Smith Addresses International Kurdish Conference

19 November 2010
Speaking at the 7th International Conference on the EU, Turkey and the Kurds, Scottish MEP Alyn Smith called for the EU to take a more active role in facilitating the rights of the Kurdish people.

This conference, which took place over the course of two days, brought together speakers from across Europe, the Middle East and Africa. Together they sought to obtain a clear vision for future democratic initiatives within Turkey. A major part of this was seeking to address the problems faced by the large Kurdish population within Turkey.

Alyn Smith's full speech is transcribed below.

Dank u wel Mevrouw de Voorzitter, though I’m afraid that my Dutch does not suffice for me to make the rest of the presentation in Dutch so I’ll switch to English!

I’m delighted to be here and do thank the organizers for my invite, to support a just and viable peace in Kurdistan. I’m struck, listening to previous speeches of experience in South Africa, Northern Ireland and indeed in Kurdistan itself that I’m conscious that we in Scotland have been blessed in our politics. We have, in modern times at least, been able to manage a constitutional debate, and a constitutional process, without bloodshed, and I can only marvel at the courage and fortitude of previous speakers and their experiences.

But one of the key strengths of the European Union, this family of states and nations of ours, is that we are all different, but we’re often facing common issues, and by learning from each other and sharing ideas, and even criticizing failures of our friends and colleagues, we can all advance.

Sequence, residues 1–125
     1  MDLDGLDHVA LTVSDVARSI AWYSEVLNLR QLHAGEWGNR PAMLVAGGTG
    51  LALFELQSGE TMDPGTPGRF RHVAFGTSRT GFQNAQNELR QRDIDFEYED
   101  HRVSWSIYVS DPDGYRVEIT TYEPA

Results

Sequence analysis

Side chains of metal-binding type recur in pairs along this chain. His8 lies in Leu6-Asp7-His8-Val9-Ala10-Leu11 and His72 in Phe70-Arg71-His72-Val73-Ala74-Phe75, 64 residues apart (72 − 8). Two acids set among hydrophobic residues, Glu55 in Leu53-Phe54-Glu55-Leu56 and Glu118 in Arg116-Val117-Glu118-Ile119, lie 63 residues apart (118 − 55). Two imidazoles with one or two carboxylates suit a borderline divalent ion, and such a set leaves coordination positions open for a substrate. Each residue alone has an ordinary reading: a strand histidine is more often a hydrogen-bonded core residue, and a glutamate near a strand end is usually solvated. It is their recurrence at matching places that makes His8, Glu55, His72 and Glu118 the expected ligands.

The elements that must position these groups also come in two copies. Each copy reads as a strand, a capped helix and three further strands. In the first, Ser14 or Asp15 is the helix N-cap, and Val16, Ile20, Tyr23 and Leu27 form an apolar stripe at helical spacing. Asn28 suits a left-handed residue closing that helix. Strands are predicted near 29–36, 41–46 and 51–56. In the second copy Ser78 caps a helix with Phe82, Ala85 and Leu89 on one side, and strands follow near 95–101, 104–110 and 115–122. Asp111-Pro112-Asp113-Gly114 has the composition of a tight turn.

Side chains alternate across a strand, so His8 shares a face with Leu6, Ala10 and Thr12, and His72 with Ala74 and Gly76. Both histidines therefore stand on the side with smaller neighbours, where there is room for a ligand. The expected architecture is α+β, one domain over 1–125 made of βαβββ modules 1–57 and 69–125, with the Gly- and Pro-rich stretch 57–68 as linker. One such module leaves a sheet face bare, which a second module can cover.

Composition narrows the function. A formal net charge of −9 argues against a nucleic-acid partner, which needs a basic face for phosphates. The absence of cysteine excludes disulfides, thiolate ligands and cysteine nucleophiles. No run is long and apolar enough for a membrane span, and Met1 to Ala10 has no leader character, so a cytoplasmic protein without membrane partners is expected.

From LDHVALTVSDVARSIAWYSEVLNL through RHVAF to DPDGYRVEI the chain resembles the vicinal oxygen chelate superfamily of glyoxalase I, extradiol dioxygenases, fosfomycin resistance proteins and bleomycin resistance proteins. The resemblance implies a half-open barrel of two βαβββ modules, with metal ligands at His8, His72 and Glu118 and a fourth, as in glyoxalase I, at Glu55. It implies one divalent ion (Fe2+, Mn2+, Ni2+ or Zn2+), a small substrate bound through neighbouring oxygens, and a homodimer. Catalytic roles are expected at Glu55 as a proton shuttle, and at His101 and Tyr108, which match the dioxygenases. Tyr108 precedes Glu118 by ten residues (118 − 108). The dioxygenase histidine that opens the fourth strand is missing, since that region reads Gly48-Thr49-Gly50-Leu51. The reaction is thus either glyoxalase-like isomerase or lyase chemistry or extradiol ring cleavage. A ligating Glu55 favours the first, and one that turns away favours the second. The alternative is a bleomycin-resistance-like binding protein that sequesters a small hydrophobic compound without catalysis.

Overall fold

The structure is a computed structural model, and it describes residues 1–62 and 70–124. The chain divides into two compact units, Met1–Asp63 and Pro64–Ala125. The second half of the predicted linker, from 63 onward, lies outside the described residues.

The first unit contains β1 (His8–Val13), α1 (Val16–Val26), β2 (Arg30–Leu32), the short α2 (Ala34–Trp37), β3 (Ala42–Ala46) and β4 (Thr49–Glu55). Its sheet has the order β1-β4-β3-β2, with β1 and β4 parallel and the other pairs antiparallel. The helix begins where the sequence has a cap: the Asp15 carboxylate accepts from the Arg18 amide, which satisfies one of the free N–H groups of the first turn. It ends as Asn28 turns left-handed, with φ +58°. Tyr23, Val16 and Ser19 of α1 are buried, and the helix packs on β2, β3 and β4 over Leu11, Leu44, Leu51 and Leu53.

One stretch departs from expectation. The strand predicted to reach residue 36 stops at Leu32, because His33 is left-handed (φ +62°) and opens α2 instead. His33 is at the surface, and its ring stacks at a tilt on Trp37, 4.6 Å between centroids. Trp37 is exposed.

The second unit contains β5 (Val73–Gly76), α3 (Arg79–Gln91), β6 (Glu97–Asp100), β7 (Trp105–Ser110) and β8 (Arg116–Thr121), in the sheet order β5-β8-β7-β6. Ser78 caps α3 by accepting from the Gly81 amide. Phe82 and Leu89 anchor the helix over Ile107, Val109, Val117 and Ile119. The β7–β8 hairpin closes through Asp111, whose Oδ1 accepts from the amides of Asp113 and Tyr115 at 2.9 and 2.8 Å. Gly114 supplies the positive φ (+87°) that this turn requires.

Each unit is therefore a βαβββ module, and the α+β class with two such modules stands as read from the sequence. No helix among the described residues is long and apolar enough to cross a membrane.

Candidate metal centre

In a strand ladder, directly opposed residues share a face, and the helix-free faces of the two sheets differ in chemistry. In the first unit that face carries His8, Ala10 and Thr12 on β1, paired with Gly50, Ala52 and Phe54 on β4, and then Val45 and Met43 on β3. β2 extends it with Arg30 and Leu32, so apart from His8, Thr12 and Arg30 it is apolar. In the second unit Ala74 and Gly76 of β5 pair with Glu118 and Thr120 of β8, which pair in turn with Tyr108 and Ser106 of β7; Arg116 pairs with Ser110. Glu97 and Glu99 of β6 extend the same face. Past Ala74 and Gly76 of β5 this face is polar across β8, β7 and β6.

Scottish politics, like everyone else’s, are a product of our history. Scotland has the oldest national flag in Europe, our borders have not changed in 450 years – and there are not many countries can say that! – and we have, even now, distinct legal, educational, even religious traditions. The members of our sovereign parliament in 1707 voted, voluntarily, to enter into a Treaty of Union with England and Wales to form Great Britain. That was supposed to end constitutional debate, and it was, to an extent, until in 1999, after much dialogue, engagement and a Constitutional Convention which brought together all shades of Scottish opinion, our ancient Parliament was reconvened, as a legislative assembly with some limited economic powers, but a sub-state Parliament answerable to the UK parliament in Westminster. We have 129 members, MSPs, elected by a proportionate system, and in 2007 my party, the National Party, won power, as a minority administration, and have been in power since.

And it is worth a brief explanation of my party, and our philosophy, because it underpins my thoughts today. We are proudly nationalist, but nationalism means many things to many people, and as we’ve heard already, is all too easily misrepresented, usually deliberately by people with an anti-democratic agenda. As I say, we’re nationalist, we want to see an independent Scotland, and we want that independent Scotland to be a member state of the EU, playing a full and rich part in working with our neighbours and our friends. But we’re left of centre social-democrats, sitting in the Green Group in this Parliament, civic nationalists, our quest for independence is based on our traditions, and our aspirations for a better future which we believe we can achieve with a more direct government that better fits our needs and hopes. We reject any concept of ethnicity, religion, background or creed, our only criterion to being Scottish is “Do you live here?” and if you do you are, we’ve little interest in where you’re from, it is where we can take our country together. Being Scottish is, to quote one of our great poets, an accent of the mind, and if you share our country and share our values, you’re in.